2) companies that treat their engineers as worker bees will receive neither

i think it is a standard that companies segment their workforce via org charts. but allowing silos to restrict engineering (and other) skill sets is one of the main complaints i heard over casual lunches with the engineering core. the companies who refused to mold to an evolving workforce were almost always the ones with the least happy employees, in my highly (un)scientific research.

this speaks loudly to the shift from being specialists back towards being jack-of-all-trades engineers. we can’t keep putting ourselves into comfy little boxes. to thrive, we need to keep pushing. and our companies need to encourage that growth at a molecular level.

Level 12

DAY 29; SEGMENT.

The Dictionary definition of this Noun is as follows;

     “Each of the parts into which something is or may be divided”.

With this being said, it is good to know where to ‘Segment’ your tasks for the successful deployment of any project big or small.

Level 12

If we could only segment our lives and divide ourselves

MVP
MVP

Interesting article. I particularly like:  “Any sufficiently advanced technology is indistinguishable from magic.”

As IT professionals we are called upon to make technology transparent and easy to use. Sometimes we get caught out or upset that the end users don't see how difficult this is at times, but those that get it see that we are doing "magic."

MVP
MVP

Interesting post about marketing and loyalty programs from the marketers perspective. I mentioned in earlier threads that I've recently moved and thus needing to update my address details. I grabbed my wallet and started going through all of the cards I've collected and I was surprised at how many loyalty program cards I had stashed away.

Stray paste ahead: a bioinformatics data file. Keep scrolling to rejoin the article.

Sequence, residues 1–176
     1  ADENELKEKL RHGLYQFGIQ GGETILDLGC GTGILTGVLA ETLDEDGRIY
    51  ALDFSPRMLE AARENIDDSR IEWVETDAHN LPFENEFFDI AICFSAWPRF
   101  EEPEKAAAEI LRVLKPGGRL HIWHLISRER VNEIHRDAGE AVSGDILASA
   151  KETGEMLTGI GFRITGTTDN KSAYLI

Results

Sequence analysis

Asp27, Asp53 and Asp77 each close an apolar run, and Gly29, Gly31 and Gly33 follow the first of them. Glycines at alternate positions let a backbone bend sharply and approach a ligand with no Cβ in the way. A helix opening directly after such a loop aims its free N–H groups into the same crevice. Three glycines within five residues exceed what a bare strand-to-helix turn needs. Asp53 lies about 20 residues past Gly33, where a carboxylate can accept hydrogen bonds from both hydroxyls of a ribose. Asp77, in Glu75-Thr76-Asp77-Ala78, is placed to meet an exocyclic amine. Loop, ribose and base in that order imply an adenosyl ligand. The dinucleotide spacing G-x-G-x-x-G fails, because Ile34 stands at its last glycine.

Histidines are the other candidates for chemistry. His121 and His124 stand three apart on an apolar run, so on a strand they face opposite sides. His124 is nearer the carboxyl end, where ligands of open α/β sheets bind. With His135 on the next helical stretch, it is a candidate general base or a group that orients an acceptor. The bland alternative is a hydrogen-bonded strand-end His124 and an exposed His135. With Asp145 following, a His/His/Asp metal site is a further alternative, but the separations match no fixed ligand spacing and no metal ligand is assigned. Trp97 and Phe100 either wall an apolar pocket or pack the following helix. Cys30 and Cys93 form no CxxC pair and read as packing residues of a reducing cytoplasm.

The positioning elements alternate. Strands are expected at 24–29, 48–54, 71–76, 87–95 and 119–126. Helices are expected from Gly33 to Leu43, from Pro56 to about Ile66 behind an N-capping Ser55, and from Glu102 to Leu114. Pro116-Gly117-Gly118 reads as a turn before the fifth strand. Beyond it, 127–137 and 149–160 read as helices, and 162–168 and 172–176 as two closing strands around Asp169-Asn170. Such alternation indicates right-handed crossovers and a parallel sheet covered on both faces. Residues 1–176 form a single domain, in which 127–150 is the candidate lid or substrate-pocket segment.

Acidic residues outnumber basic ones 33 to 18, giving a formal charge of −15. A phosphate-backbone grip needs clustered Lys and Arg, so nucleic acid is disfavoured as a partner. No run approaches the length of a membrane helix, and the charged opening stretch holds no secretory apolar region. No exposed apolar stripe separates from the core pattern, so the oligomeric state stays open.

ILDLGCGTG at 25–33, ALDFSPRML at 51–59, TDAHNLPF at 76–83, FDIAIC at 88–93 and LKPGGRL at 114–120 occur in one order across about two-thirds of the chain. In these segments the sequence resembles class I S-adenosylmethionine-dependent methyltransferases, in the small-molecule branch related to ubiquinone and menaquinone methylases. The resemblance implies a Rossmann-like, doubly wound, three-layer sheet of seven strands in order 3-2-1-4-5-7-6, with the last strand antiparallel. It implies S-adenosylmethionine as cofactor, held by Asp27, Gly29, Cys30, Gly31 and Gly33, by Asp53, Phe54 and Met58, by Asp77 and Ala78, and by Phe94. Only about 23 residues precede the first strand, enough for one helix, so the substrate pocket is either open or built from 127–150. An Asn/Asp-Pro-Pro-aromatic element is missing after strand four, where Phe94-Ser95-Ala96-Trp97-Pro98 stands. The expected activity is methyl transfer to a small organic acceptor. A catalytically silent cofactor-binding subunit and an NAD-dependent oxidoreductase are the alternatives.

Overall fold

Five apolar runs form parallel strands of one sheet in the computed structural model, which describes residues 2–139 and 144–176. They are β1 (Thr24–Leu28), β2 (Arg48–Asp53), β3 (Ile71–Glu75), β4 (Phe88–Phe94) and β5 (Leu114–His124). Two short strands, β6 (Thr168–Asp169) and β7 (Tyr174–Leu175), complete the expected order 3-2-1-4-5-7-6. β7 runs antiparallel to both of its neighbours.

One of the major supermarkets in Australia had a rewards program for shopping and customers were able to get Qantas frequent flyer points as part of a linked program. In 2015, this supermarket updated their loyalty program by changing how rewards were received but they also dropped the Qantas FF relationship from its rewards program and there was a huge backlash. A lot of social media posts about changing to a competitor supermarket for a more rewarding loyalty program, or how the frequent flyer points were the only reason they shopped at that supermarket.

The resulting loyalty program was confusing, under-rewarding, and only available for certain products. The consumer backlash was so great, they ended up revamping the program months later to add the frequent flyer points back in. The new scheme offered significantly less points than the original program but I would be intrigued to see the retention numbers that caused them to bring it back.

Woolworths faces criticism after dropping frequent flyer points in new-look loyalty program - CMO Au...